Friday, February 22, 2013

More Orange Things

After the BBC weather forecast of an easterly breeze and an unwelcome wind chill factor I was a bit unsure about heading out to the feeding station this morning. In the event and at 7am the conditions for ringing were ideal with pretty much full cloud and even better, a wind speed of nil. And If Thursday was a day of Fieldfares then today was definitely a Brambling day. 

The session kicked off slowly with a couple of Reed Buntings, a Robin and a Chaffinch until the Bramblings arrived for their breakfast of sunflower and nyger seed. The calls of Bramblings dominated the morning with 30+ birds in the area and it’s speculation that there has been an influx of birds moving north and joining in with the number of Bramblings that wintered in this area. Also, as the food in nearby stubble becomes depleted, birds are finding the mixed seed I provide. In contrast to their colourful cousins, Chaffinches were much harder to locate this morning with 20+ the corresponding count. 

By 1030 the breeze had picked up as promised and I had to pack in before totting up the field sheet at 21 new birds - 12 Brambling, 5 Reed Bunting, 3 Chaffinch, and 1 Robin, as not for the first time this winter Bramblings dominated the catch. Two recaptures were a Chaffinch ringed here 16th December 2012 and a Brambling ringed here a week ago.

Of today’s 13 Bramblings there was one adult male and 12 second calendar year birds, 6 males and 6 females. Apologies then - it’s more Brambling pictures. 

The females lack the mostly bright yellow bill of the males. 

Brambling - female

Brambling - male 

The wing of a juvenile/second caledar year male shows marked colour contrast between the inner and outer primary feather coverts. 

Brambling - second calendar year male

It’s a feature that isn’t visible in the closed orange-toned wing of a Brambling, the lemon yellow on the underside of the wing where it joins the body, more noticeable on males.

Brambling

The rounded, black tail of the adult male Brambling. 

Brambling - adult male

One of the Reed Buntings was an absolute corker of an adult male. 

 Reed Bunting - adult male

The combination of the overcast grey morning and time spent processing the catch rather limited today’s birding tally to just 1 Barn Owl, 3 Kestrel, 19 Skylark, 1 Curlew, 12 Corn Bunting, 140+ Fieldfare and 50+ Tree Sparrow. 

It’s a similar forecast for tomorrow, cold easterlies but maybe a little more sun. Looks like a layering up morning again, four on top, two below, hat, scarf and gloves with fingers crossed around the coffee cup. 

Pop by soon to see what’s happening on Another Bird Blog. In the meantime call in to see Anni  who migh be out birding.

17 comments:

Gail Dixon (Louisiana Belle) said...

Does ringing harm or traumatize the birds in any way? We call it "banding" here, but I don't know much about it. Why was the one bird lying on its side in the mans' hand? Beautiful shots as always!

eileeninmd said...

I would be happy to see the Bramblings show up, lovely photos Phil! Happy Birding and have a great weekend!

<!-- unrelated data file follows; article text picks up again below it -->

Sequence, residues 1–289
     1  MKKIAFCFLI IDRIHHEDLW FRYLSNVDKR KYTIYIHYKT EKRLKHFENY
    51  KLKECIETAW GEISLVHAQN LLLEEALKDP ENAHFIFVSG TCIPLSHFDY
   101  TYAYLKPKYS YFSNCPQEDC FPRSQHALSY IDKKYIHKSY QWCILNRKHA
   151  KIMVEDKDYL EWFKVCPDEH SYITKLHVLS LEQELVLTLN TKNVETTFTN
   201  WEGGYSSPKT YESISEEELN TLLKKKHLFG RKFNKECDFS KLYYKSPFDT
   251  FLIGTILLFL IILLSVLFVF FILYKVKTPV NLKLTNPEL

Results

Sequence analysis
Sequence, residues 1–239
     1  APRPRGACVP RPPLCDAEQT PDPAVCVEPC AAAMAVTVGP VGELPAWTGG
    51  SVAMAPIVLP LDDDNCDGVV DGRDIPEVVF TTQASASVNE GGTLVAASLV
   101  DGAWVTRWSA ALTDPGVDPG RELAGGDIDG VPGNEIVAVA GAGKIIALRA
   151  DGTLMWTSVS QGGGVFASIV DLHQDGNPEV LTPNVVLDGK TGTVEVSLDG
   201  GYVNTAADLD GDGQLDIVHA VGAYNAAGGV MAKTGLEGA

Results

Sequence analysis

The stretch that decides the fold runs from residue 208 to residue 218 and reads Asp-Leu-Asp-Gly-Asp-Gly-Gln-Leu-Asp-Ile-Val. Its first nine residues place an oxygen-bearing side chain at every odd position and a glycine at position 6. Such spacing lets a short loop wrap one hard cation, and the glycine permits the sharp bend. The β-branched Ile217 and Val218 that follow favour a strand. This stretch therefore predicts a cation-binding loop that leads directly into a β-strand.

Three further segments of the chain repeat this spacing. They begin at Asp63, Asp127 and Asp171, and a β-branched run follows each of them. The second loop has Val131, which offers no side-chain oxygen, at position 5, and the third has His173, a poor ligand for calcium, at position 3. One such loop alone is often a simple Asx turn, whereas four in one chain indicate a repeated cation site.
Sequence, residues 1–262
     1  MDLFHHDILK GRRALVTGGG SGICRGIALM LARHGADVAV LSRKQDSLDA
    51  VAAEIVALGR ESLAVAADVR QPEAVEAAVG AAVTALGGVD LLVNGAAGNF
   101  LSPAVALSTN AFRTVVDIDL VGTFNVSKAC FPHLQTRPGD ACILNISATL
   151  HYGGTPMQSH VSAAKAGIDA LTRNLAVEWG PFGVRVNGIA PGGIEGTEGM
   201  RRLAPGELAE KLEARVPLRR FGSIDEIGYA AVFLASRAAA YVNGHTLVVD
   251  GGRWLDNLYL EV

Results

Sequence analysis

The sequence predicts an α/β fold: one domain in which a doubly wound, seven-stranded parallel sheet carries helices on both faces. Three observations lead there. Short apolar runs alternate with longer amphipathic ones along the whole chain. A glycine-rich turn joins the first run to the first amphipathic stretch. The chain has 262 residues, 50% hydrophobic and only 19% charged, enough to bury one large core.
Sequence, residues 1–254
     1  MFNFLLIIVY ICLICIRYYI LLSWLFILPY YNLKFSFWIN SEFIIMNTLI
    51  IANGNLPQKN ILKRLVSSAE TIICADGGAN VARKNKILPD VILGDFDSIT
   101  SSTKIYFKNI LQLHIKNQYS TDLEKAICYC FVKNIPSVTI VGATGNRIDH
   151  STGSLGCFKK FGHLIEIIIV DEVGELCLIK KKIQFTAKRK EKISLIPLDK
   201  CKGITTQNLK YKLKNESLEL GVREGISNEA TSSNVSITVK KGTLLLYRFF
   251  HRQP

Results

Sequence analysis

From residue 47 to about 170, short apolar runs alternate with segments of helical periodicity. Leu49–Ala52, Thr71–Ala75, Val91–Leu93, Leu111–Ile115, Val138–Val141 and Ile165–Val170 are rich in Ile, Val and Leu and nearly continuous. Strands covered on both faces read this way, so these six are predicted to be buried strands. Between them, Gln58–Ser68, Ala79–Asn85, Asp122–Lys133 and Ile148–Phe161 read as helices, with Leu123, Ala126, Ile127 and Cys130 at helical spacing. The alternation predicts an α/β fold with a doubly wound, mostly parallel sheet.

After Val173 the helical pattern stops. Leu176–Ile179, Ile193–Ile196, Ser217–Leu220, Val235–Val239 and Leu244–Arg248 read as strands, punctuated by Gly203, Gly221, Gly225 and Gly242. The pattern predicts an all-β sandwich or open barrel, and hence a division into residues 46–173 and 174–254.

Gail Dixon (Louisiana Belle) said...

Thanks for answering the ringing questions on my blog. I knew it had to be humane, otherwise bird lovers wouldn't do it. Amazing that they will lie still like that and then fly off. It also impresses me that banded birds return to the same area year after year. They can't be traumatized at all in that case. I hope to observe a banding...ringing session soon!

Kathleen said...

Was wondering what ringing meant, Gail! Thanks for clarifying that.

Banding when done correctly doesn't harm or traumatize birds. It's a lot like going to the doctor's office.

It's pretty strict getting a banding permit in the states. Hopefully I'll be getting my sub-banding permit this season.

Russell Jenkins said...

Very beautiful markings on both subjects. I think I'd be confused if one passed my way. You get such a good number of different species every time which is good to hear.

Carole M. said...

a job well done and wonderful photographs and commentary Phil. I admire your focus, setting out in such bleak conditions

Snap said...

I learn so much when I visit you! Love the Bramblings and your wonderful pics. Happy Critter Day!

Hanne Bente said...

Great image series with an incredibly beautiful brambling. Wish you a good weekend :) Hanne Bente

TexWisGirl said...

both brambling and reed bunting have such beautiful feather patterns!

TexWisGirl said...

(yes, zim is mine. i have a gray mare named gem, too. both arabians.) :)

Karen said...

Handsome birds!

Adam Jones said...

I do love the Brambling. Great shots

HansHB said...

Nice post with a lot of great photos!

Gary said...

Such incredible markings!! Boom & Gary of the Vermilon River, Canada.

Anni said...

Wonderful...I personally think your life is so filled with exciting and educational and humane things. You rock the birdin' world.

Well, I'm not out birding....yet, but I'm birdin' with y'all at the Bird D'Pot right now.

Have a super Sunday.

Crafty Gardener said...

nice series of photos

Shey said...

Beutiful photos. Would love to see how ringing is done someday.

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